The invention of digital cameras and their popularity has forever changed the way in which people record the events of their lives. The ability to capture a moment of time and preserve it forever is something which appeals to many people. The photos we have, whether physical and digital, are a way of sharing the stories of our lives and I think that’s why we take them.
Most of the photos I take are of landscapes. I think that is because I take photos to remind myself of what I have done. To remember the scenes which made me smile, think or laugh so that months or years later I can look back and say “remember when . . .” I also take photos of landscapes because I notice the beauty in the world and I want to remember that it exists, that the world is bigger and more beautiful than what I’d normally see each day (not that what I see is not beautiful, it is in a different way, not in the ‘awestruck at the sight of it’ way).
But if you were to flick through the photo albums of my childhood, you would find something different. They are filled with photos of people and all the places they had been. A record of the activities that filled my days. They weren’t taken by me, they were taken by other people, people who wanted to be reminded in the future of how I was when I was little and all the things which I had done.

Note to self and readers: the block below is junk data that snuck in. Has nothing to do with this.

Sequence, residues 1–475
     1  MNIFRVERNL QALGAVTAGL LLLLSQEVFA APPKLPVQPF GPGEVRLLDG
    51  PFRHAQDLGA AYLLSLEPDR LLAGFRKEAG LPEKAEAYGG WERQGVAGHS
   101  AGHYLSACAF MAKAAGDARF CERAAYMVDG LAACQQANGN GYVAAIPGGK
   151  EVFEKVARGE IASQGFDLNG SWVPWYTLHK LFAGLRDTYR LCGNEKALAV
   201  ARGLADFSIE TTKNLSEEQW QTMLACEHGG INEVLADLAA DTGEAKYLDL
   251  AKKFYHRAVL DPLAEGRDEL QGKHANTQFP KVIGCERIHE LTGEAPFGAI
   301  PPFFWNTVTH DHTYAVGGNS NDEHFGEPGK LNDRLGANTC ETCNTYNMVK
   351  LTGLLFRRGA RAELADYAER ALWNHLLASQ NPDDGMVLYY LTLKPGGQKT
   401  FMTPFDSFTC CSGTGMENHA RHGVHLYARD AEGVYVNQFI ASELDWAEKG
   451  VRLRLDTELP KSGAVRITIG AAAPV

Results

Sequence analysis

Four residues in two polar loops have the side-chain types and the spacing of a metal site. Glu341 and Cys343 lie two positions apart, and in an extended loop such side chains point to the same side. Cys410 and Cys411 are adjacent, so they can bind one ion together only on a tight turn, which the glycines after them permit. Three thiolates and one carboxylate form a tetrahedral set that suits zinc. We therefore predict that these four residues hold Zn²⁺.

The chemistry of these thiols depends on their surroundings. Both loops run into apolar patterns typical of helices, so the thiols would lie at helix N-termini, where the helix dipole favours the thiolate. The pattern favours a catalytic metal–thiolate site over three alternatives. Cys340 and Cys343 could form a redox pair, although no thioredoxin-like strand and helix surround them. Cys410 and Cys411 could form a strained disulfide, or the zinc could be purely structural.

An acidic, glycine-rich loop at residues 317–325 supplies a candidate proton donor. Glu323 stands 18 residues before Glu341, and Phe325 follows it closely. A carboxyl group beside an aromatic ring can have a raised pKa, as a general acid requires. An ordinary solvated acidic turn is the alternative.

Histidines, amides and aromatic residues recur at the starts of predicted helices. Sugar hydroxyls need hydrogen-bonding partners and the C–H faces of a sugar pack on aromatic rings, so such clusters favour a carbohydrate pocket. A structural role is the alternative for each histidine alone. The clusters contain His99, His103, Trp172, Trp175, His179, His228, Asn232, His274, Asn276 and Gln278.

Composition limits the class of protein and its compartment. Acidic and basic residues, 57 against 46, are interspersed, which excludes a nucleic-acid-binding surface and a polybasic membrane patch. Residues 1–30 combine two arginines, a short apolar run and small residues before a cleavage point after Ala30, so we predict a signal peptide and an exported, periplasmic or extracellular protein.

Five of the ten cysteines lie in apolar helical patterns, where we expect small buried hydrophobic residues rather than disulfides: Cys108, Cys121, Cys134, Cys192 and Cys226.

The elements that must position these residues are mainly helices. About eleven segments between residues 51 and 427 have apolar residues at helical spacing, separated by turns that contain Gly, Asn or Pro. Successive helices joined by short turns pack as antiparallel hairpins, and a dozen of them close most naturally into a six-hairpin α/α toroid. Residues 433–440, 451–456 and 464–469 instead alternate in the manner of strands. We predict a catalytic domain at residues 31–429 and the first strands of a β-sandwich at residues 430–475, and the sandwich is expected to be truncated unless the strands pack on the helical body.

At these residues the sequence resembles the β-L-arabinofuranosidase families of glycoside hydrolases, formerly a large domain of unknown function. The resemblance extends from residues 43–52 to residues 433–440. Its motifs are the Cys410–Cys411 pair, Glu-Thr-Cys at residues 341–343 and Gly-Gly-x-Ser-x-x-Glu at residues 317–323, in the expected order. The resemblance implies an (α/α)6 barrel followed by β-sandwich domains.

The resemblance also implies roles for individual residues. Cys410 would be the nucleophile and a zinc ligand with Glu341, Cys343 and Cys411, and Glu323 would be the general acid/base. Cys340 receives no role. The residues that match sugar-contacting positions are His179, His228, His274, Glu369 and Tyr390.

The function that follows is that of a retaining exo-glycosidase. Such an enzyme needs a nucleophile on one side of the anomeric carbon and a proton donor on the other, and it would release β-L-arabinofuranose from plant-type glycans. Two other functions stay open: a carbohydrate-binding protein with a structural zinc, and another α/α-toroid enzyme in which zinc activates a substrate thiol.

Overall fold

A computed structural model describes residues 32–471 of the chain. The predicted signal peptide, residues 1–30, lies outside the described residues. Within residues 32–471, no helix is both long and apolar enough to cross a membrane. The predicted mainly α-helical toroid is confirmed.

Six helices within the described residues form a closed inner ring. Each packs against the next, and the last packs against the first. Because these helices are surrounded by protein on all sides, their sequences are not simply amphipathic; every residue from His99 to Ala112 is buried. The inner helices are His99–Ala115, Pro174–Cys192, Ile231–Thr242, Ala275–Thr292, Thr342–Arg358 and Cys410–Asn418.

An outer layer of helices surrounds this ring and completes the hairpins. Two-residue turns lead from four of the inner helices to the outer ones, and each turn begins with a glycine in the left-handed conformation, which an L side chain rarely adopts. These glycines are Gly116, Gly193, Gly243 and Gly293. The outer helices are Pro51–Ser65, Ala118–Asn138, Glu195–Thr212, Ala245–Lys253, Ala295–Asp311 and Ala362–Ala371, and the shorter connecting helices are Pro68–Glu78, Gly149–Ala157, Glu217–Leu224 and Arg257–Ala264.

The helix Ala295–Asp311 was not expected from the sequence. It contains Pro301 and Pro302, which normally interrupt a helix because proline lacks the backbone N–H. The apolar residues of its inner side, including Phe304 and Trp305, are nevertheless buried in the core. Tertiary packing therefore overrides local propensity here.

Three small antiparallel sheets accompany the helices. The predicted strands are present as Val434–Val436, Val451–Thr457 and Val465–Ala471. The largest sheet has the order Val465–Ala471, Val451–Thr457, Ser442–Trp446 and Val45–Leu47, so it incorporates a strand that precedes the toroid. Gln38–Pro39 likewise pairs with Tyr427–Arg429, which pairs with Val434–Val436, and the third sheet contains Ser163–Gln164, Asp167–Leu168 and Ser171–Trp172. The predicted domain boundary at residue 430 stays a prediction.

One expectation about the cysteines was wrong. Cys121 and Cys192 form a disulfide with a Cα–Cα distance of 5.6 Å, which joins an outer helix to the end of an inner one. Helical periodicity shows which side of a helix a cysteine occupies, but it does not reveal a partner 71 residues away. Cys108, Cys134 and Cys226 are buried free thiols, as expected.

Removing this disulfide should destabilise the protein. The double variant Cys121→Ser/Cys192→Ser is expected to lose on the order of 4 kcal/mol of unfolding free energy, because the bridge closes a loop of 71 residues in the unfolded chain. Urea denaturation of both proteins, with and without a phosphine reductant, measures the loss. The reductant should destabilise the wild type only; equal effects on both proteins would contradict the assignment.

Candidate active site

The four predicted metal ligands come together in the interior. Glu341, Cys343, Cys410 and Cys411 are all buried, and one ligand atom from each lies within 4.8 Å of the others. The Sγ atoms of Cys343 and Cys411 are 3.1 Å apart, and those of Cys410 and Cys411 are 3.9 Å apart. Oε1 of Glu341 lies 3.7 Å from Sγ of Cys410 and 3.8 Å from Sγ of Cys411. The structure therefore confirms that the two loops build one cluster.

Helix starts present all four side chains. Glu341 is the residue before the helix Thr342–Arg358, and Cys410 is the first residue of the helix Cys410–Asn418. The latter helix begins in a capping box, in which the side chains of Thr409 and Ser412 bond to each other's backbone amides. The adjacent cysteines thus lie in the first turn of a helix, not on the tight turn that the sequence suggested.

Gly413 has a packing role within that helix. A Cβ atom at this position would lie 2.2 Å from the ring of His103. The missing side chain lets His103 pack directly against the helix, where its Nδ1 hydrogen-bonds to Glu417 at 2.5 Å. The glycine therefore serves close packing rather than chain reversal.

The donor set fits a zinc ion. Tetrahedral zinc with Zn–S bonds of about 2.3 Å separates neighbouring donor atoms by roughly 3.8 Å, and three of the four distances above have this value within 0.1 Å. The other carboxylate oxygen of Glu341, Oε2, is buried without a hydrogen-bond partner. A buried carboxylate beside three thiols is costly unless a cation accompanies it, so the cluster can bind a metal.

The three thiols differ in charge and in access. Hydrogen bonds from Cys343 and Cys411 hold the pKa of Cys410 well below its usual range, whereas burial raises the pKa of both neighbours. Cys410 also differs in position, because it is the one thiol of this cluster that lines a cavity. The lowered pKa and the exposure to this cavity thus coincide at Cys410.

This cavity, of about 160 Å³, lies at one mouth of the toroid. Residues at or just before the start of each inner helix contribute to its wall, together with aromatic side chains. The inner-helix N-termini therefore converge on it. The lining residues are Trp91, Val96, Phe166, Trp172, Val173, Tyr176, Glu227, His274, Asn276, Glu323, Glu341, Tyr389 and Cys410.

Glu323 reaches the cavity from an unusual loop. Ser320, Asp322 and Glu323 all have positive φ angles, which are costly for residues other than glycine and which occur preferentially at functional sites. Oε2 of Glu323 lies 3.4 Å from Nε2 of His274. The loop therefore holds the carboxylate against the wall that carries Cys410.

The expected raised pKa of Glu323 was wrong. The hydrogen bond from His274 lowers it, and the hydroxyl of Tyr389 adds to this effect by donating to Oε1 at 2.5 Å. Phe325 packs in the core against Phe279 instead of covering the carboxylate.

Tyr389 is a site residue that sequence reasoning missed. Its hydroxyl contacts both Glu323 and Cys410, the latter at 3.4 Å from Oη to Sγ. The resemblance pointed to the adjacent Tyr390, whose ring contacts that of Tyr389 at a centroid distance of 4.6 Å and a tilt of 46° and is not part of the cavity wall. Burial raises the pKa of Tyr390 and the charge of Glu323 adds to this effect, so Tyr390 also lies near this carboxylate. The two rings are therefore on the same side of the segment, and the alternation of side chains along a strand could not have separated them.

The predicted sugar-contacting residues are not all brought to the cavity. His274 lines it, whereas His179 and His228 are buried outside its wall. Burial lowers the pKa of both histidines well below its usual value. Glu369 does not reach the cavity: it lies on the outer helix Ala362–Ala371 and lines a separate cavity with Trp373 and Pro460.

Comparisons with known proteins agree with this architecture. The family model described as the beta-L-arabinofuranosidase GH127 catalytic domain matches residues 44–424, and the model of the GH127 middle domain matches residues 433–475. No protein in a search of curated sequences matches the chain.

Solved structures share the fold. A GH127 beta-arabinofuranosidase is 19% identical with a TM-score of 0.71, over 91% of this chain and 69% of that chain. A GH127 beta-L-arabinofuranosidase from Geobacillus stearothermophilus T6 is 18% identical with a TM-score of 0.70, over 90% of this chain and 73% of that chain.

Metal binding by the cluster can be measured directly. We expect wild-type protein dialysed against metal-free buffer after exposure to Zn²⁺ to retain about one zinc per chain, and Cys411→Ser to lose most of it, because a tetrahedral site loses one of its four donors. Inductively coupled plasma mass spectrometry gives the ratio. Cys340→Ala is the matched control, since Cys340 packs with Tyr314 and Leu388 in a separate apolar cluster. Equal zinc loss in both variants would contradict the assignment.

Photos I think exist with the express purpose of telling the stories of life. They do this in many ways whether it is preserving the way we looked, recording a moment of beauty or just something which caught our eye. Whether you’re a prizewinning photographer or just take photos for fun, the photos you take are a story of your life.
This is the sixth in series of posts exploring how humans leave things behind which can tell a little bit of who they are. If you enjoyed this one, why not check out some of the others.
Stories of Life, Part 1 – Objects
Stories of Life, Part 2 – Words
Stories of Life, Part 3 – Trees
Stories of Life, Part 4 – Marks
Stories of Life, Part 5 – People